Resolutions for a happy and healthy 2019
Each year, the number one and number two New Year’s resolutions for Americans are to get healthy and lose weight. But only eight percent of people felt they keep that resolution beyond a few months.
It is important to start 2019 with the right types of resolutions – healthy resolutions that help you reach your goals. Resolutions can be a way to push the reset button and stop some of your bad habits.
To get 2019 off to a good start and help you establish your annual health goals, you should schedule your annual well visit with your primary care physician. It makes sense to include your doctor in the discussion about your health and wellness goals. It can help you stay on track so you aren’t part of the 92 percent that abandons your resolutions. It also allows you to have a discussion with your doctor about changes in your health, preventive care, or screenings that may be appropriate.
As you commit to good health, some bad habits need stop immediately.
– If you smoke – stop. Get help from your primary care physician or join a smoking cessation class to kick this addiction.
– Limit your alcohol consumption. You may have allowed yourself to indulge during the holidays, but alcohol is a contributing factor to heart disease, cancer, and a host of other illnesses.
– Get more sleep. Sleep is just as crucial to your health as diet and exercise. Make sure you try to get eight hours of sleep a night. Turn down the thermostat and close the curtains, it can help you get quality rest.
Eating healthier is an essential part of a healthy and happy new year. As you recommit to good health, follow these tips to update your food choices.
– Eat five to nine servings of fruits and vegetables a day. The recommended amount of fruits and vegetables seems like a lot, but by filling your menu with these choices, you stay full longer. It also helps you stop reaching for the junk food you may crave.
– Eat less salt. The American Heart Association recommends no more than 2300 mg of sodium a day. Cereals, breads, soups, and condiments contain a large amount of sodium. Adding up your daily intake will help you keep your heart healthy. You should throw out your salt shaker as the added sodium is not needed in most recipes.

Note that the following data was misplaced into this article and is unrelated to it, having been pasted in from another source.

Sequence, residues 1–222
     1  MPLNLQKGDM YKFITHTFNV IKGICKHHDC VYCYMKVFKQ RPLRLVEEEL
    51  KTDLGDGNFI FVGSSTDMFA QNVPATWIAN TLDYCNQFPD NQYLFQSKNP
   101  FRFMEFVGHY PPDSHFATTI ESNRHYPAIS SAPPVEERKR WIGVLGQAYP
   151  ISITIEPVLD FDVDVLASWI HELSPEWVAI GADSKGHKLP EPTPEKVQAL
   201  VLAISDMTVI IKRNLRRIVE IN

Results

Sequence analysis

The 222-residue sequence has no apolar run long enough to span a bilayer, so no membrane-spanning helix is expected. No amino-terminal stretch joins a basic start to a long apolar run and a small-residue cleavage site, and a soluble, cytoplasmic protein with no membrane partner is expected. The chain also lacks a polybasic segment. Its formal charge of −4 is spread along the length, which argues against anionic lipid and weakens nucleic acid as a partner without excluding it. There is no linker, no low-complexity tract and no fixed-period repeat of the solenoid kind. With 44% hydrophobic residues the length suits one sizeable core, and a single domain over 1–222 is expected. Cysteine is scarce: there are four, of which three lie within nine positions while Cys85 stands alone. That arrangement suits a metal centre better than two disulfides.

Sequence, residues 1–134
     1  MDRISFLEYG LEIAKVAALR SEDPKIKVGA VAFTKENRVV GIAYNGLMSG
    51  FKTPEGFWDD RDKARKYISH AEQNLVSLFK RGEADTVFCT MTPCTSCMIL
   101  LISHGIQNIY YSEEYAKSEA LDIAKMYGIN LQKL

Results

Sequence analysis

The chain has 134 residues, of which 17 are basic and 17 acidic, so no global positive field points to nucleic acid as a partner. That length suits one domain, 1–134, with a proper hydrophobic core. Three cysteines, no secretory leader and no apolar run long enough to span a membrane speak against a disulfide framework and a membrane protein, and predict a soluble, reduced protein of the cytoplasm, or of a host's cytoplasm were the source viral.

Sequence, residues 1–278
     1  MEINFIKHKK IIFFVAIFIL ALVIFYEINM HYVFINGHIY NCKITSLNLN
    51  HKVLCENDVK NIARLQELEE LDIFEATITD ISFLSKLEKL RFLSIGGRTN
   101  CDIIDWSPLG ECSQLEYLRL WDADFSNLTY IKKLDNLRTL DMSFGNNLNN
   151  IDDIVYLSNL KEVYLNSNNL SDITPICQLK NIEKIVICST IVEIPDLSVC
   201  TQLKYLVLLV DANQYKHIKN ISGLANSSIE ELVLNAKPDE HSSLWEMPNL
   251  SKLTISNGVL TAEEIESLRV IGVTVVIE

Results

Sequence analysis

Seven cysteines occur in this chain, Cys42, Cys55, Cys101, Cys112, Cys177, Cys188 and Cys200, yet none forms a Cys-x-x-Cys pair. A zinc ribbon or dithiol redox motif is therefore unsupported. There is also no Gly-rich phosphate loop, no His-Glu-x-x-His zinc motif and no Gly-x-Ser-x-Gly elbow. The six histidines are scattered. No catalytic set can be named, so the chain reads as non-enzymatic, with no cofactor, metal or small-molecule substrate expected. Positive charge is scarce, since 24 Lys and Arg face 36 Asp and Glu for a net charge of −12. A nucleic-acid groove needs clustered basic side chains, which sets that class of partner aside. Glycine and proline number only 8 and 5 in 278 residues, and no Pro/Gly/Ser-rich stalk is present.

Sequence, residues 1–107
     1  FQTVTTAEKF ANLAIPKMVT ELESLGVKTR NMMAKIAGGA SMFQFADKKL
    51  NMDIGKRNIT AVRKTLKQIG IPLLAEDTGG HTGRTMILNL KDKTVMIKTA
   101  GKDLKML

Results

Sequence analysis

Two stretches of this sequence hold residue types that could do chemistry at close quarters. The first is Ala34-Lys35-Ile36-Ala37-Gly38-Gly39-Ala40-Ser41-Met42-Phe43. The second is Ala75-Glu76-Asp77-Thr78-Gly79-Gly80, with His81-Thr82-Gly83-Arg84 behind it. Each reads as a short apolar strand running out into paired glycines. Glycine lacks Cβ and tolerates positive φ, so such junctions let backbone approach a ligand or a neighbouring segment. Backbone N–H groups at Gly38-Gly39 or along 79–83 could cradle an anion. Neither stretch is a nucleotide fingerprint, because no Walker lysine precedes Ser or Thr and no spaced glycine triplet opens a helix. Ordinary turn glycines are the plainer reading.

– Avoid processed foods. Processed foods add sugar and sodium to your diet that you do not need. If you shop on the perimeter of a grocery store you are focusing on healthy whole foods. Avoid the interior aisles to steer clear of processed foods.
– Read nutrition labels. When you see items on a label and you can’t pronounce it, don’t eat it. You should not put something in your body that you cannot understand.
– Your primary care doctor or a dietitian can help you create a diet that is right for you and your health goals.
Incorporate Exercise into Your Life
Exercise can help you feel better, have more energy, and add years to your life. If you are looking to be a healthier, happier you in 2019, here are tips to make exercise a part of your life.
– Take the stairs. If you are able, avoid the elevator. Always choose the steps to add more movement to your day.
– Park in the back of the lot. When you go to the store, park in the spot farthest from the entrance. The extra steps to the store can add up over time.
– Schedule exercise. By adding a block of time three times a week to your calendar you are more likely to commit that time to improve your health.
– Log your exercise. Every time you exercise, write down your activity and keep a log to help celebrate milestones. Online apps on your phone can also help you keep track. Try Myfitnesspal or Runkeeper to record your fitness routines and help keep you motivated.
As you get into your new routine for health in 2019, don’t forget you aren’t alone. Your primary care doctor is there to help you.
If you haven’t seen a primary care doctor in more than two years, don’t let another year go by without scheduling an appointment. If you don’t have a primary care provider, find one in your community. You may feel fine today, but it’s important to maintain a relationship with your physician so you have a partner in health.
Dennis Probst, DO, is a family medicine physician at the UPMC Outpatient Center at McElhattan, 1 Outlet Lane, Suite 400, McElhattan. To schedule an appointment with Dr. Probst, please call